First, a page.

I’d get involved in networking groups and speak with friends and family with cash/serviceability to get the ball rolling on setting up potential JVs.
And then have a long hard think about whether I’m willing to stretch out paydays, or go straight for small cashflow acquisitions.
Then work my butt off!
#6 Shane Hiscock
Great question and the answer, as always is, it depends.
It depends on:
- The skill level of the person;
- How comfortable you are with risk?
- How well they can keep their emotions in check when you are under what can be an immense level of pressure?
- And, very importantly, it depends on your life situation.
Are you married or single? Do you have children? What commitments do you need to keep?
As you can see, this really is like opening up a can of worms.
All of these things and many more can factor into the situation, let me explain.
If we are talking about someone who has a high level of skill, a calm head, an ability to remain focused under pressure and who has a great network and already has built up property skills and has a supportive partner (this one is critical) then I’d suggest go for it, give things a go.
Set some goals, make a plan and stick to it, know your drop-dead date and have a backup plan.
If however, you are the kind of person who gets really stressed easily, your partner is not overly keen on your newfound passion and is also nervous then maybe you need to keep things in perspective and consider how well you will perform and remain focused.
It might be better for this kind of person to possibly take up a role that is less stressful for them while they continue to build up their knowledge and skills in the property space, as well as build up a larger amount of buffer funds to allow them to leave their full-time job with less stress.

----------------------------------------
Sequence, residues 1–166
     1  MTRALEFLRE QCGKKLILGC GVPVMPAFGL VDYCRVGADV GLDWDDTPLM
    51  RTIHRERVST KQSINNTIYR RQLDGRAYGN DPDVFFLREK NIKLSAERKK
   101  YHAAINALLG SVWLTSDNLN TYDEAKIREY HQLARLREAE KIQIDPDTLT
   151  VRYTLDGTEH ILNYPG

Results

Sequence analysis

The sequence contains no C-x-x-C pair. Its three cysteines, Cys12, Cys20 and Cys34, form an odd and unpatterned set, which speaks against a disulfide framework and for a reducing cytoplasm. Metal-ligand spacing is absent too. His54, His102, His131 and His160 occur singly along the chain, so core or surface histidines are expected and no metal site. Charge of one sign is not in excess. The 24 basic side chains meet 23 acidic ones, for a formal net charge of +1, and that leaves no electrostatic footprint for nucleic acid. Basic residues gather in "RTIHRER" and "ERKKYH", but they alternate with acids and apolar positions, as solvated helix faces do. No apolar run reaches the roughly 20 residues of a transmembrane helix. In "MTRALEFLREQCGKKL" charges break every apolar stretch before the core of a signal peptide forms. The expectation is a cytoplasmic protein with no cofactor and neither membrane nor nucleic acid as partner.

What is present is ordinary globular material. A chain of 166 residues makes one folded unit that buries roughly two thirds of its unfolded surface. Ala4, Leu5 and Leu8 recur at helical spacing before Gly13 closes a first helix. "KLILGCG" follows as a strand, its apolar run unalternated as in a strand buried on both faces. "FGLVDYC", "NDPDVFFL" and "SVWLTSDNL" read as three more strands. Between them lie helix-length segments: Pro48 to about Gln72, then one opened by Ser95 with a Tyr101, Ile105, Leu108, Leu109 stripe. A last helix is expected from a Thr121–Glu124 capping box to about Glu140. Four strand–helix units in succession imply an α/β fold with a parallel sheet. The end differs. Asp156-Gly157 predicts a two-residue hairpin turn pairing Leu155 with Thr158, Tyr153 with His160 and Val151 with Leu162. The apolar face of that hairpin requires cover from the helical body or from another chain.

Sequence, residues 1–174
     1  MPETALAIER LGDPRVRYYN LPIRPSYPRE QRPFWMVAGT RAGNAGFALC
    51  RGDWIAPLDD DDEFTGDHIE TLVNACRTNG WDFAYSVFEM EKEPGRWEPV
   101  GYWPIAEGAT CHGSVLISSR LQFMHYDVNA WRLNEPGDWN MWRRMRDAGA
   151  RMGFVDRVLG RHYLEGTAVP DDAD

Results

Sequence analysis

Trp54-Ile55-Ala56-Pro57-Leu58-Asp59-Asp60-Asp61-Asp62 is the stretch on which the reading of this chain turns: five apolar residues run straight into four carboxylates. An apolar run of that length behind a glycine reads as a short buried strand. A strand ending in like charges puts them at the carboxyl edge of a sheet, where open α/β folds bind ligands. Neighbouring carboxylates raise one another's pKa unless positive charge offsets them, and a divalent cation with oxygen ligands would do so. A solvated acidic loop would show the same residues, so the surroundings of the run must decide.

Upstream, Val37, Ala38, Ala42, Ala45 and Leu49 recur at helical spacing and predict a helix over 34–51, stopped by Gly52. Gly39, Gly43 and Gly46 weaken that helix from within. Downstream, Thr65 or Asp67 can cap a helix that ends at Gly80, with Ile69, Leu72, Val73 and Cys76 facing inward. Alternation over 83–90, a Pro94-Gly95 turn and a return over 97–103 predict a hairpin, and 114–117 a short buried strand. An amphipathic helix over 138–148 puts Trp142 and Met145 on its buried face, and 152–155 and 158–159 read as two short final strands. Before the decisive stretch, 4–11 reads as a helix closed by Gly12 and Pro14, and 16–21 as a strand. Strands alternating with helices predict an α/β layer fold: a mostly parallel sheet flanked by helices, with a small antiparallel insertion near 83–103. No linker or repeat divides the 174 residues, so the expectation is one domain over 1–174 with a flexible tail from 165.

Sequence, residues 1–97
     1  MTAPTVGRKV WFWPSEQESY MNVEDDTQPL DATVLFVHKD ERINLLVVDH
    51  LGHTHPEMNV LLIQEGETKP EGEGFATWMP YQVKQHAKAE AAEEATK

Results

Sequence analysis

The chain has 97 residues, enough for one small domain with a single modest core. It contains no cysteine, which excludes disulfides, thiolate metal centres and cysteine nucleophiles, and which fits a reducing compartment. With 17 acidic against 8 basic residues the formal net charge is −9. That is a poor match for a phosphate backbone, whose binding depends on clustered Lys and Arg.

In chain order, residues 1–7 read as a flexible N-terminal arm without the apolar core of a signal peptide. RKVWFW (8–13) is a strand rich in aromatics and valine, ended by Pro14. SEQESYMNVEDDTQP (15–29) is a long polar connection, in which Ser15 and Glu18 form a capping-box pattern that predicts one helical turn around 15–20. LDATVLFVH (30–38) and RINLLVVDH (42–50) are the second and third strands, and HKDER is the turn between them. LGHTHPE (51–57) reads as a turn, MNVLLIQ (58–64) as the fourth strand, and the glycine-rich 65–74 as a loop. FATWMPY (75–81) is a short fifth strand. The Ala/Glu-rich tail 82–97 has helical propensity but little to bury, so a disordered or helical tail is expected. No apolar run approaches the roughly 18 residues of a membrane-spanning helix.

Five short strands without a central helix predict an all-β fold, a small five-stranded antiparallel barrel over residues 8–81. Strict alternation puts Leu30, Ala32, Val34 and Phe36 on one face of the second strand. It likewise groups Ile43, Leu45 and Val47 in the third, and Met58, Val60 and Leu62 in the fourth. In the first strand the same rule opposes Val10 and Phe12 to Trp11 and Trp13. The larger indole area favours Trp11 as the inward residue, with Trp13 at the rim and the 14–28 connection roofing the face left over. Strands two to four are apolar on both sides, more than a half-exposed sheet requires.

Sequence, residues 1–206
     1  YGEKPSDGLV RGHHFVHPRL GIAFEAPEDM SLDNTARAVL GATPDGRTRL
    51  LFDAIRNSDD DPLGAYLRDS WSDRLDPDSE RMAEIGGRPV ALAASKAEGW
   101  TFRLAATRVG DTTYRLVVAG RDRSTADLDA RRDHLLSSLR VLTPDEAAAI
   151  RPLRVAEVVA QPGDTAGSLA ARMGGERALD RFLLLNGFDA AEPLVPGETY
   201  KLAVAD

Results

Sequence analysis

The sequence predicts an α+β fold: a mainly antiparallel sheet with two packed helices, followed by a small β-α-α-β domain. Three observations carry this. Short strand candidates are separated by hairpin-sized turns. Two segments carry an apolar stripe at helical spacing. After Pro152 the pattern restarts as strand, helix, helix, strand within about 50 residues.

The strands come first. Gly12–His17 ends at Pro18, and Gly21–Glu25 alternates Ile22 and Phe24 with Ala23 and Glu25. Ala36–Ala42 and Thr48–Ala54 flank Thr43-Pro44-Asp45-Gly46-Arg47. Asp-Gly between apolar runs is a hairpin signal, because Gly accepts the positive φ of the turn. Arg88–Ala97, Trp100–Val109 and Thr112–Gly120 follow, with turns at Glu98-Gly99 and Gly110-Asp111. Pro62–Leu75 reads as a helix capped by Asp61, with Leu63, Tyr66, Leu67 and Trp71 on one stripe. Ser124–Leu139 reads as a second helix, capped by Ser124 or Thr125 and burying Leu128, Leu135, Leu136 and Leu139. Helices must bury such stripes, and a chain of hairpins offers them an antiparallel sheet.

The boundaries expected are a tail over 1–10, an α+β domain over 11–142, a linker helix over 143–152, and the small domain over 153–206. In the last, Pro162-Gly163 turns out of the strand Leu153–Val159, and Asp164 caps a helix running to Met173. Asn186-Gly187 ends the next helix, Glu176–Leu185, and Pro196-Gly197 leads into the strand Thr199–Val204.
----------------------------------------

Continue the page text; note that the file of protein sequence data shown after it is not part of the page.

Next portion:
Of course, there are then many variants in between. I think that some of the real keys in this situation are:
- Having a high level of awareness of yourself. With this you can understand what you can and cannot do, you know your strengths and weaknesses and you can tailor your approach to suit.
- Make a plan. If you do intend to make the move to full-time property then what is your plan. How will you earn money before you run out? What are the various approaches and options you can explore? Create criteria for what it is you need to work on. For example, part of your criteria would be that anything you do has to make you money prior to you running out of funds, so it’s no use for you to go look at deals or undertake any activity that won’t do that for you.
- Get buy-in from your partner or spouse. You need to work as a team, it’s too hard to do it on your own and it would be especially hard if your significant other is there saying “I told you so” when things go wrong instead of being your biggest supporter and egging you on. Plus, they can be your accountability partner.
Those would be my three key focus areas. Hope that helps and good luck.”
Here are the top eight tips from our smart, savvy, (and mostly prompt) experts, and some resources you can use TODAY so you never need to find yourself in a pinch…
- #1: Invest in Property Investment Education/Skillset (4 mentions)
- #2: Network with other investors (4 mentions)
- #3: Invest in Mindset and Self-awareness (4 mentions)
- #4: Look For Investment Partners (3 mentions)
- #5: Optimise Your Access To Loans (2 mentions)
- #6: Create Other Income Streams (2 mentions)
- #7: Find a Mentor (2 mentions)
- #8: Analyse Current Life Scenario (2 mentions)
And how about a ninth tip? Here’s mine: Get access to the Ultimate Property Hub Membership Site…NOW! It was made EXACTLY to answer this very question!
What’s Your Tip?
If you already built your property business or at least completed your first project… what are a few tips you could share with a reader who needs to make things happen… fast?
I’m dying to hear!
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- Where's the low hanging fruit going to be?